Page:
In September it was announced that NH’s school voucher program had doubled its enrollment from its first year. As of that date, there were 3,025 enrolled in the program; last year there were 1,572 students. This program was designed to help children move to private and religious schools, or for families who were homeschooling their children. In reality, up to 85% of the funds went to kids who were already in those programs. 

NH Department of Education predicted that the voucher program would cost $130,000 in the first year and $3.3 million in its second. Opponents warned that the cost of the program would be far higher than the $130,000 advertised. And they were right! The program has cost the state $14,700,000 since its launch. When the program was first debated, the nonpartisan Legislative Budget Assistant’s office estimated the state’s exposure could be as high as $70,000,000 if all the students in private or religious schools applied for grants.

In efforts to shut down public schools, the State spent 7,200,000 for learning “pods” where an adult “guide” who is not a certified teacher helps students work through online lessons. The state is also spending on online tutoring, and has spent almost $8,000,000 for online lessons.

Is the school voucher program legal?

Opponents to the voucher program ask how sending tax $$ to religious schools does not violate Article 6 of the Bill of Rights in the NH State Constitution: “But no person shall ever be compelled to pay towards the support of the schools of any sect or denomination.” We will soon find out what the Court says … another unnecessary expense to New Hampshire taxpayers.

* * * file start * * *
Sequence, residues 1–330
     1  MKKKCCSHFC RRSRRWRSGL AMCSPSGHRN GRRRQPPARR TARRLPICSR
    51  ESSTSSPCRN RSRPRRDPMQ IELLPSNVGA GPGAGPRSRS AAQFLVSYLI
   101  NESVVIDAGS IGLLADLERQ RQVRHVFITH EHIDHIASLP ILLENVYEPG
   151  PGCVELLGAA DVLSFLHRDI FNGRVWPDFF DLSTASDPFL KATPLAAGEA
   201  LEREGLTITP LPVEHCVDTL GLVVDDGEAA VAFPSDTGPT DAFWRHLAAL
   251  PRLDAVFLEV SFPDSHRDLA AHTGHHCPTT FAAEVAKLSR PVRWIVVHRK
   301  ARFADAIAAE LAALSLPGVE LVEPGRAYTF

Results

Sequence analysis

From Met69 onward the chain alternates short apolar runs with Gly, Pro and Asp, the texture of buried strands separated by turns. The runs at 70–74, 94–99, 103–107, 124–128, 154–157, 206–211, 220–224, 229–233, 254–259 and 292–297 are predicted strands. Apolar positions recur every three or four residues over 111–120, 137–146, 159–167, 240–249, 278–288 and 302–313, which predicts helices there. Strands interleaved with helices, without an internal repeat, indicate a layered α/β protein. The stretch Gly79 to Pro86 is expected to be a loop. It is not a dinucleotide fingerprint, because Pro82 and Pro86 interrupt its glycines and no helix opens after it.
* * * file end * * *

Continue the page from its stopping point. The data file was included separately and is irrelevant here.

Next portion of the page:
Why was the school voucher bill included as part of the state budget? 

Simple. Because it failed to get support from the Legislature as a stand-alone bill, it was inserted into the biennial budget.

Who is behind the program? 

  • NH’s Commissioner of Education, Frank Edelblut
  • The libertarian conservative group, Americans for Prosperity, sent out mailers and canvassed door to door to encourage people to sign up for the voucher program.
  • Free State Project board member Jeremy Kauffman describes NH’s school voucher program as “a stepping stone towards reducing or eliminating state involvement in schools” and “the entire program is run by Free Staters.”
  • NH Republicans. Legislators rammed the voucher program into the 2021 budget, because it could not get enough support as a stand-alone bill. Democrats introduced bills to stop taking funds away from our public schools, and prevent INCREASED property taxes. Both failed to pass.
    • HB 1683-FN: This bill repeals the provisions of the education freedom account program and reverts the unused funds to be deposited to the education trust fund.  It failed to pass. Vote: Inexpedient to Legislate (“Kill the Bill”): 189 Yeas, 166 Nays. 188 Republicans and 1 Democrat voted to protect the school voucher program. 162 Democrats, 3 Republicans, and 1 Independent voted to kill the school voucher program, protect public schools and protect our tax dollars.
    • HB 1684-FN: This bill limits the amounts of funds appropriated from the education trust fund to the education freedom account program to budgeted sums. It failed to pass. Vote: Inexpedient to Legislate (“Kill the Bill”): 182 yeas, 171 nays. 180 Republicans and 2 Democrats voted to prevent the school vouchers at the budgeted amount. 166 Democrats, 4 Republicans, and 1 Independent voted to cap the bill at the amount that was budgeted so that the program wouldn’t cost NH taxpayers more than the funds that had been allocated.